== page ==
At the beginning of this semester, I pretty openly started this course with #noidea (as explained in post numero uno). As the course progressed, so too did my knowledge and understanding (slowly, oh so slowly – but surely), and I progressed to possessing #someidea. So, as the last official blog post of my EDC3100 course, I thought i’d better finish with #anidea. (Common linking theme throughout blog posts? Winning.)

As I look towards the final day – come at me June 26th – of the semester from hell third year, semester one, and prepare to say adios amigo to University for 3 weeks, I must grudgingly admit that I have actually enjoyed my learning during this semester from hell. Doesn’t mean that I won’t be celebrating like Napoleon Dynamite come 10.30am on June 26th when my final exam is over though.


Before I get to the celebratory phase though, I still have to survive through three assignment submissions in the next 7 days, and a final exam. This knowledge has me a little like –



Thankfully, EDC3100 has taught me a few things over the past few months, so now I have #anidea – not only about integrating ICTs into pedagogical processes, but about student life in general

1. I will get there 
Thanks for giving me some of the most challenging, out there assignments yet EDC3100 – I will get there, and everything will be wonderful when I do.

2. To get there, you must work
Duh. But seriously, thanks for reinforcing that with hard work, comes great results. Personally, I needed that little push again.

3. Things don’t always go as planned, but that’s not always a bad thing
Take assignment 1. Epic fail in uploading my assignment the day/night it was due = massive restructuring of my entire assessment item in the final hour of submission. Didn’t freak out, didn’t break down, didn’t quit – instead put on my problem solving hat and got what needed to be done, done. And it actually worked out okay for me in the end!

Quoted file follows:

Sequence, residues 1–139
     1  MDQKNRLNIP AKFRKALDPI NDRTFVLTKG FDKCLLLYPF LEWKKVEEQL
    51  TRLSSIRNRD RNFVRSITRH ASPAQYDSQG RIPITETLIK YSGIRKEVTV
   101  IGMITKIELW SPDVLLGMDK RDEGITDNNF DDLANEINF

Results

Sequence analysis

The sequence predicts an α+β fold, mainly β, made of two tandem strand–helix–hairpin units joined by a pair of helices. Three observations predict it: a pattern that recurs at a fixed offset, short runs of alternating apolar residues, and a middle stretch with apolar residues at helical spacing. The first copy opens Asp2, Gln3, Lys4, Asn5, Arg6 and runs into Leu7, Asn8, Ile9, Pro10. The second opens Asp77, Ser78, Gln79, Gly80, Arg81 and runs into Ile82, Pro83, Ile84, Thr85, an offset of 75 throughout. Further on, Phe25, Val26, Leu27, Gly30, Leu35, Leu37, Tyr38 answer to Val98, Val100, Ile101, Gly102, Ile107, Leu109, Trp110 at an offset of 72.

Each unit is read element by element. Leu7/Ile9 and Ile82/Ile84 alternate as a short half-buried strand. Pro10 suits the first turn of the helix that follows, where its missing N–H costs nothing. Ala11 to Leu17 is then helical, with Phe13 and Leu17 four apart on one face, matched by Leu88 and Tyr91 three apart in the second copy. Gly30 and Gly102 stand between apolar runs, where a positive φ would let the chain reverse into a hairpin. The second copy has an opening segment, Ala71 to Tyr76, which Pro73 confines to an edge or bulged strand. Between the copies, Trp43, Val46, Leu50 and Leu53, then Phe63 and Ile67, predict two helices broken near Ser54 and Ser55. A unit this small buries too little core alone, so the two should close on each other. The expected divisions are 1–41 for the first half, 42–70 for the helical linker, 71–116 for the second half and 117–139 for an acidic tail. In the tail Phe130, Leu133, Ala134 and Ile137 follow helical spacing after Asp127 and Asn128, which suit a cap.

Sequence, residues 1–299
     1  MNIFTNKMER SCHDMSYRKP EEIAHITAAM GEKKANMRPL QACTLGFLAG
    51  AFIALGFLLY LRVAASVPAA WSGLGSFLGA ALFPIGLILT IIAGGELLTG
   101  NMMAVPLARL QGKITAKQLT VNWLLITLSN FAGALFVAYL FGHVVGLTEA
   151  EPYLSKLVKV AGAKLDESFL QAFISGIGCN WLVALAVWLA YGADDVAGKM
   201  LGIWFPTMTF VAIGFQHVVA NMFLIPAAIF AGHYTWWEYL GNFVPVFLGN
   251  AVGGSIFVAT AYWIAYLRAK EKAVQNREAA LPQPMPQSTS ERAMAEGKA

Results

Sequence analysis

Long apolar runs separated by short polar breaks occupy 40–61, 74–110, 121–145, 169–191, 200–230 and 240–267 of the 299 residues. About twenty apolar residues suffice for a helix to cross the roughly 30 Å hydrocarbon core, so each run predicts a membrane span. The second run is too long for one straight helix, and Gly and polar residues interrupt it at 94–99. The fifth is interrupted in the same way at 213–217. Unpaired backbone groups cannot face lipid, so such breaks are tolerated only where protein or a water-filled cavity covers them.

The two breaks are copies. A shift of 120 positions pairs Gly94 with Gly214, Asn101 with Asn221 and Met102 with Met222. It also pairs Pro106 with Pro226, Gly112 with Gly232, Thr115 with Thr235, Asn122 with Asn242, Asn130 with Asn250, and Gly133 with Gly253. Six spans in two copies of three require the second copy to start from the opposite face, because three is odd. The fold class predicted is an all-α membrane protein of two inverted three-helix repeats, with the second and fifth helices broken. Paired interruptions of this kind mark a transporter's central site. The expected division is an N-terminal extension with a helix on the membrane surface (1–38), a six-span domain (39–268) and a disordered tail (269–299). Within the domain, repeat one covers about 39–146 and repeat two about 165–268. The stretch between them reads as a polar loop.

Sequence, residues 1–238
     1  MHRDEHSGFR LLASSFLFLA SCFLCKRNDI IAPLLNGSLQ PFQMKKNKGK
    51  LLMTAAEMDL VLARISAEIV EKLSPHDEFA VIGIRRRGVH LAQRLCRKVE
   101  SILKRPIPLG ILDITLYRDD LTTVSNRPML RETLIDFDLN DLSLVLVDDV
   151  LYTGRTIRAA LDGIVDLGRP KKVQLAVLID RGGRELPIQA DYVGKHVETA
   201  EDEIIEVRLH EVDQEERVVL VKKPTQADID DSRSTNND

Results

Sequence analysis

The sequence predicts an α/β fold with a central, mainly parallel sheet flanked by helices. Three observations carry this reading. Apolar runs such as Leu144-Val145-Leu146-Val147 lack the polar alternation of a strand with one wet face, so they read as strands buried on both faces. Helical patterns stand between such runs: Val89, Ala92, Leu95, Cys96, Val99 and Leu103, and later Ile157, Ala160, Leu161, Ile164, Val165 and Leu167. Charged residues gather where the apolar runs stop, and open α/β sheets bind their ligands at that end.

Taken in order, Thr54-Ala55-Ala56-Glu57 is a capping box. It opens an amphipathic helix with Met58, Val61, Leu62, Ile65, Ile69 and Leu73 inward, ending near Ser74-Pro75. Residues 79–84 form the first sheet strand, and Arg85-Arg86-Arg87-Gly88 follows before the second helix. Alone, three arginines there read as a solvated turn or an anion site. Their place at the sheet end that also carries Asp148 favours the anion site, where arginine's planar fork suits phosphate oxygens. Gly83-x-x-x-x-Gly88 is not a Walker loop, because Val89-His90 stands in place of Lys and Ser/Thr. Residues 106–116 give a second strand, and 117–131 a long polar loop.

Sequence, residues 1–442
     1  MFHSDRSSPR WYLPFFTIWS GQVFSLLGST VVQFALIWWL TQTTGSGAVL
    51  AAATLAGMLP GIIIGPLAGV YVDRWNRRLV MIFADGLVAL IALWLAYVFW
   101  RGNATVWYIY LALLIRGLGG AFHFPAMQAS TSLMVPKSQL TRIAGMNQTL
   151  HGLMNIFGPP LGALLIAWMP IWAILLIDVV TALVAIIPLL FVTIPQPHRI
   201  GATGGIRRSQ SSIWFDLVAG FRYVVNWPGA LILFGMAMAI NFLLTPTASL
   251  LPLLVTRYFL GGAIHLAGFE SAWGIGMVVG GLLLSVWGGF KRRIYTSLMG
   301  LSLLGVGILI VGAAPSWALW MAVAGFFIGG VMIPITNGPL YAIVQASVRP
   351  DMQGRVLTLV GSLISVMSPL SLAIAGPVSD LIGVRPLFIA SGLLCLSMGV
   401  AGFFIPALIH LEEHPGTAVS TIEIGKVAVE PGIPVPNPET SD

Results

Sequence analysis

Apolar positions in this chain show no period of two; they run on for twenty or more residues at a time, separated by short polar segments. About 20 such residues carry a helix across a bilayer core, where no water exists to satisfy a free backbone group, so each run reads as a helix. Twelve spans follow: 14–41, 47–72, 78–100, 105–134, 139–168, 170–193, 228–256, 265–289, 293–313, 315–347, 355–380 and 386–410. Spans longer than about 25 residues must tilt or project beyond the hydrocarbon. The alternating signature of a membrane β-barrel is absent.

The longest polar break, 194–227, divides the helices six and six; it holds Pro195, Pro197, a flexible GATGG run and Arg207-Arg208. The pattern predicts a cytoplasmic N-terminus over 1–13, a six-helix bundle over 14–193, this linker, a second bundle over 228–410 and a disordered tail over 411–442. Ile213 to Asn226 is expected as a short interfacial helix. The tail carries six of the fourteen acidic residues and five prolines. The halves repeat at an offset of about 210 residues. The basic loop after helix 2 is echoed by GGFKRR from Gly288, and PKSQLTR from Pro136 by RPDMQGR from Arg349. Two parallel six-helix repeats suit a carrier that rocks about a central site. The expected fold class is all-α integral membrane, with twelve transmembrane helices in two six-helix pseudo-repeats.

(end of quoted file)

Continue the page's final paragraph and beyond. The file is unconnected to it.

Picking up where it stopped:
4. Technologically advanced ICTs does NOT = amazing learning experiences
Sure, they can help push things along, but they’re not the be-all-and-end-all of teaching life. Technology is only as good as the learning experience underpinning its use.

5. Think outside of the box
Ways of integrating technology into learning experiences doesn’t just fall out of the sky. It doesn’t just magically happen. Sometimes things are out of your control (ie. curriculum, context, resources), and you have to become creative with how you can enhance learning with whatever components you can control. Back to the point above – technology is only as good as the learning experience underpinning its use, AND the person integrating it. 

6. Continue to grow
Keep looking forward, keep learning, keep aspiring to do better, be better, teach better. Keep an open mind to education, and an open mind to ICTs in education. Stay optimistic. Stay enthusiastic. Stay hopeful. Maintain a growth mindset. Don’t turn into one of those teachers that you look at now and think “I will never become like that”. 

For now, this is the actual adios amigos moment. Thanks to anyone who took time out of their day to keep up with my journey through EDC3100. It sure has been a ride. This will most probably be my last post on this blog (unless I didn’t do my maths correctly and I need another post to get my 5/5 for my learning journal mark!), but who knows – it may not! Right now, however, I guess this blog goes from ‘active’ to ‘archive’, and will just be another footprint in my own digital path.

Catch ya EDC3100!





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